“ BMRA serves in an advocacy role with Town Council and staff on behalf of ratepayers to ensure and enhance our community’s quality of life.”


“ BMRA serves in an advocacy role with Town Council and staff on behalf of ratepayers to ensure and enhance our community’s quality of life.”

“Keeping the BMRA membership informed”

Town of blue Mountains 2020 budget

Town of Blue Mountains 2020 Budget

Blue Mountain Ratepayers Association (“BMRA”)

Analysis for Members

The Town of Blue Mountains 2020 Budget – A Silver Cloud with a Black Lining

Certainly, the topline numbers for the Town of Blue Mountains budget are quite positive. Given the significant level of residential development, the growth in new assessment dollars have allowed the Town to provide additional services and increase staffing while enabling a slight decrease to our 2020 property tax rate. Unfortunately, the County levy has increased – more on that later – but thankfully the tax bills for TBM residents will be slightly lower when compared to 2019. So, while that does qualify as good news, there are some serious issues that will prove very challenging in the years ahead.

These issues include:

  • Inadequate capacity for the Town’s growing workforce at Town Hall. During 2018 and 2019 the town added 21 additional staff but now can’t place some of the new staff within the town’s office floor plan. Some staff will be placed in office space close to but external to the Town Hall. Remember the Town Hall was only completed 9 years ago (in 2011) and is already in an overflow staff capacity condition. With a strong likelihood the Town will have to add more resources as TBM continues to grow, we will require further investment in office facilities. This shows short sightedness on the part of prior Councils, under whose watch the Town Hall was planned and constructed. We hope our current Council will take a longer-term view in planning future facility requirements.
  • Closing the “infrastructure gap” – getting shovels in the ground to modernize our roads, wastewater, drinking water and community facilities. As we have stated previously, this is an absolute necessity if our growth is to be sustainable, and our quality of life maintained. The Town has approved finances to support $10s of millions of dollars worth of capital projects that will modernize and expand our civil works infrastructure. We recognize the Town has added new staff resources to manage, facilitate and communicate these important projects, but the $100,000s of thousands of dollars cost overrun we are currently experiencing on our wastewater treatment plant upgrade clearly demonstrates how difficult the task will be while trying to stay within the proposed capital budgets.

Of course, the other challenge we face in building the required infrastructure is that 60% of our municipal tax dollars leave the Town – 40% go to the County, and 20% to the School Board. With such a significant drain on TBM resources, it becomes that much more difficult to fund the investment we need. For point of comparison, and to clearly illustrate the financial challenge TBM faces with our obligation to the County, the other municipalities in Grey County keep on average almost 60% of their property taxes for their own use. We’re clearly doing a lot of heavy lifting on behalf of Grey. Following the BMRA’s February deputation to the County regarding their 2020 budget, we were to meet with the CAO and Directors of Finance and Planning to push for greater accountability and transparency. That meeting has understandably been delayed due to current circumstances, but we will ensure it happens when our situation allows.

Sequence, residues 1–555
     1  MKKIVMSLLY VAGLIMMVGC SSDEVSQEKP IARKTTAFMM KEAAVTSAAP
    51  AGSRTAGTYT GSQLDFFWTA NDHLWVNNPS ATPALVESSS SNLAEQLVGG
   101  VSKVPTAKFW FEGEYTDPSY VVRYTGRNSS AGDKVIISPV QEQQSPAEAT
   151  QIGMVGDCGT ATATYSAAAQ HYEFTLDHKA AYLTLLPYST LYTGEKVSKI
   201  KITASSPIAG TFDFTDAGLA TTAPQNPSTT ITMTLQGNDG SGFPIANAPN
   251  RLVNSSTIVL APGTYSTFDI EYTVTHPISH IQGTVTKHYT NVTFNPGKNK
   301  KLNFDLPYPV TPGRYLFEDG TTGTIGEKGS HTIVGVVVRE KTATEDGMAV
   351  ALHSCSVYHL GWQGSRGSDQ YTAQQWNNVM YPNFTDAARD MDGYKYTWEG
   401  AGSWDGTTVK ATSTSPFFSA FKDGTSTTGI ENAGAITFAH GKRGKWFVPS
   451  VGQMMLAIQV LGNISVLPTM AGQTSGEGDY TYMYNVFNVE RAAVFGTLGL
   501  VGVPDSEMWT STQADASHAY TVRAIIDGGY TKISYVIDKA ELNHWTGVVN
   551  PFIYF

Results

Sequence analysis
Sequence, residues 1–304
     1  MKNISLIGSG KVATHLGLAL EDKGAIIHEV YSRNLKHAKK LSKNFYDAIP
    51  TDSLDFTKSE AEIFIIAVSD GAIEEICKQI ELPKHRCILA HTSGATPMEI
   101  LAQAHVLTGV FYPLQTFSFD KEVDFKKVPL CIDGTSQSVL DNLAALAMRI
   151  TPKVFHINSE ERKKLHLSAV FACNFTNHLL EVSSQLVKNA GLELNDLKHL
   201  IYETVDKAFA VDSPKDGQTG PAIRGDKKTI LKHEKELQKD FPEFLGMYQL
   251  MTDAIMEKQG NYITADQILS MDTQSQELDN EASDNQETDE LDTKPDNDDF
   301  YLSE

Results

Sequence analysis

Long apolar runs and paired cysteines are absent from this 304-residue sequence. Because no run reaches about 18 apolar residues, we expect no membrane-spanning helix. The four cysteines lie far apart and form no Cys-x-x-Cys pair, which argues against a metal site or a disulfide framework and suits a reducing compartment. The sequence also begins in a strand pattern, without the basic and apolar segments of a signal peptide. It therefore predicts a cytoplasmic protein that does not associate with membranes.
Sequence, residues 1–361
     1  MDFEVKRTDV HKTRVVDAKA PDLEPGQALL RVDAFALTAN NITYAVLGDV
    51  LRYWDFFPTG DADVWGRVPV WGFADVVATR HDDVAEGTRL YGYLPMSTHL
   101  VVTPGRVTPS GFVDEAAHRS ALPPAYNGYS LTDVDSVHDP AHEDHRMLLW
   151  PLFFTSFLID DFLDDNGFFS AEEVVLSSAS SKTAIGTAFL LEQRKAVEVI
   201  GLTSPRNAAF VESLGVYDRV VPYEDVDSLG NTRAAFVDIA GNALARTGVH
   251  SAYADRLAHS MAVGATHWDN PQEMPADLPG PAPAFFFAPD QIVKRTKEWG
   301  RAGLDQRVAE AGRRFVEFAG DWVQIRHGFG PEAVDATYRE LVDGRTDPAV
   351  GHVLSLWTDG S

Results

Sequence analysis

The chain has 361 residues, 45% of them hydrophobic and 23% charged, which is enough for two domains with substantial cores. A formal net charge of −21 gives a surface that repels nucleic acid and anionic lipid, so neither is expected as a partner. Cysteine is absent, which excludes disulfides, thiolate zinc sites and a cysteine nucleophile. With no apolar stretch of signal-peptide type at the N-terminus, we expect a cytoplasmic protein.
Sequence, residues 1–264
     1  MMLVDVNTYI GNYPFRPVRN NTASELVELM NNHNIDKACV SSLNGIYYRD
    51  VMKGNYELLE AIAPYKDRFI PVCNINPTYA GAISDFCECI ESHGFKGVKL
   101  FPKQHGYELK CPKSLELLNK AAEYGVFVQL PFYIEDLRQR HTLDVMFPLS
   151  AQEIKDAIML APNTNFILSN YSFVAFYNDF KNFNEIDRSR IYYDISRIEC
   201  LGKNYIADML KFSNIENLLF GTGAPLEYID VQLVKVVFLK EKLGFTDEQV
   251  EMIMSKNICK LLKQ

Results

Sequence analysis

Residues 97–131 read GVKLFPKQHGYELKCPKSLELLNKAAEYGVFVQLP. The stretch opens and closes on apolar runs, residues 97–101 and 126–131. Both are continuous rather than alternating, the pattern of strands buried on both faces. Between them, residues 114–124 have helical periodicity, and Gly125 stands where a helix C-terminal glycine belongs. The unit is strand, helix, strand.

• The last two Town budgets appear to lack the funding for stated political priorities of Attainable Housing and doctor recruitment. It may well be that there will be resources made available beyond the Town’s core budget to support these high priority initiatives, but more detail is required so that we can get the full picture on how they will move forward.
  • Limited progress with Zero Based Budgeting (ZBB) implementation, recognizing this didn’t get out of the starting gate until Q4 2019. The objective of ZBB is to find more efficient ways to deliver services and allocate resources – the expectation is that the 2021 Town budget will show the benefits of this exercise.
  • Community/Recreational Hub(s). We have not received any updates on the development of a community facilities strategy. In 2019 the Library proposed a substantial expansion, in part to help address our inadequate community facilities. Council turned the request down, but in its place was to be a discussion regarding development of community hub(s) that might include new library, recreation, daycare and community spaces. Communities such as Owen Sound and Hanover have outstanding facilities. Where is ours? Let’s push the dialogue this year. Ever increasing construction costs may impact our ability to fund these much-needed facilities. We would anticipate the Town will be prudent in investing in our current Library and Recreation Centre facilities in the absence of the long-term strategic roadmap.

This communication will provide the substance of a submission the BMRA Budget Review Committee will make to Town Council March 30.


Brian Harkness


Budget Review Committee of the BMRA